Immigrants’ Rights Clinic Student Reflects on Representing Client at His Asylum Interview and Grant of Asylum


Immigrants' Rights Clinic Student Reflects on Preparation for Client's Asylum Interview 1

This past week, I was fortunate enough to stand next to my client (“FV”) as he learned that he was granted asylum and would not have to return to his home country, where he faced a persecution and the threat of death. This favorable outcome was the culmination of months of patience and focus as my client and I worked together to secure him a safe and peaceful future here in the United States. FV spent years fearing for his safety back in his home country, where he was persistently persecuted for holding in political opinions deemed unacceptable by his home country’s government. In my capacity as a student attorney in the Immigrants’ Rights Clinic, I worked with FV to prepare FV’s declaration and a legal brief that we submitted to the San Francisco Asylum Office. I met with FV for many hours over the course of many weeks as we prepared for his interview. After telling his harrowing story to an asylum officer over the course of a three-hour interview, FV’s patience and poise earned him a favorable grant of asylum and the promise of a future lawfully and permanently in the United States.

When I joined the case this past fall, I benefited from the hours of work that Erica Miranda and Morgan Lewis had already accomplished during their full-time participation in the Immigrants’ Rights Clinic during the spring 2017 quarter. Their thorough legal research and diligent fact-finding meant that I could focus my work on presenting my client’s asylum claims in the strongest light possible and on preparing my client to tell his story in a way that made him feel empowered and confident.

As I drafted, edited, drafted again and finalized the legal brief on behalf of FV that was filed along with substantial documentation of the harm he experienced in his home country, my work focused primarily on identifying the most compelling facts of FV’s story and linking them to the relevant aspects of the asylum standard. Because we anticipate that many more refugees will seek asylum from my client’s home country in the near future, it was especially important for me to find ways to make my client’s case stand out, which I was able to do by arguing that the harms he experienced resulted not only from his political opposition to the government, but because his opposition was especially visible in his home country, since he was well known in his community as an athlete who played for his local city’s team as well as for the country’s national team, because he aligned himself with political causes that were unique to university students, and because his family had visible ties to the United States, in a way that made them stand out from other families in their community.

Perhaps even more important than the time I spent developing my client’s legal arguments, however, was the time I spent helping him to prepare to share his difficult experiences with an asylum officer during his asylum interview. This preparation had two components—first, I worked with my client to draw out especially striking sensory details about the occasions on which he was harmed by the government so that I could incorporate them into his written declaration, which we submitted to the Asylum Office before his interview. This required me to develop my interviewing skills and to frame my questions in ways that would encourage my client to share details about deeply upsetting experiences without appearing intrusive or insensitive. Together, my client and I were able to build a rapport and settling into a mutually comfortable relationship, which we did by connecting over similarities in our past, especially our love of sports and shared experience of both being former athletes. Our rapport also grew out of my commitment to explaining to my client why certain pieces of information were especially relevant or important, so that I could provide him with a sense of ownership and understanding over his legal claims. Because my client’s university education had been abruptly interrupted when he was forced to flee his home country, I felt strongly that my focus needed to be on empowering him to make decisions about his case and his future in a way that gave him a sense of control and confidence at a time when circumstances in his life had made control and confidence elusive qualities in his day-to-day experiences.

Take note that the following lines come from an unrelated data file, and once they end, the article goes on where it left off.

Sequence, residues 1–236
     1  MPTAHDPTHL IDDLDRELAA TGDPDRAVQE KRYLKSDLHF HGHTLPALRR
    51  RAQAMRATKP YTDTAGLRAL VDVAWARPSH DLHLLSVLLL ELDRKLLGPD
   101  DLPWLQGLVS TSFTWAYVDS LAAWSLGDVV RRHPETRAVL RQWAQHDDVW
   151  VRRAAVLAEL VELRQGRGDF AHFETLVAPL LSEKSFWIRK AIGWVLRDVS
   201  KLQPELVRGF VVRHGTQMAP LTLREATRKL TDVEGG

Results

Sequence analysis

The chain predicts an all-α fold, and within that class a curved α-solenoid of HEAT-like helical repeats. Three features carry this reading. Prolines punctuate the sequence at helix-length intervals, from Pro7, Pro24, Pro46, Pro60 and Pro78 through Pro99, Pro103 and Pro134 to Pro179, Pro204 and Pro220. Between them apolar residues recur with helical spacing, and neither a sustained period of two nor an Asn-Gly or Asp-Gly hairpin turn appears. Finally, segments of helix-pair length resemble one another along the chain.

In addition to developing his written declaration, my client and I also spent many hours going through countless practice questions in order to prepare my client to confront any questions that came his way during his asylum interview. We’d meet weekly to do a round of practice questions and to workshop the strengths and weaknesses of my client’s answers. Each week, I was increasingly impressed with my client’s ability to speak about deeply upsetting experiences, including a horrific beating he was subjected to a protest, several harrowing break-ins his family endured at their home, and constant stalking and threats that he suffered at the hands of the government. He spoke about these and many other experiences in a way that was at once earnest and poised, and rarely became flustered. His focus and receptiveness to feedback during these sessions became immediately evident at his asylum interview, during which he and the asylum officer spoke for almost three hours about his experiences in his home country. It was incredibly rewarding to sit through the interview with him, because I truly walked away from my work on his case feeling like I had empowered my client to win asylum for himself, rather than winning his case for him. I feel extraordinarily fortunate to have had the opportunity to help my client achieve both a sense of agency over his future and a chance at a productive and safe life here in the United States.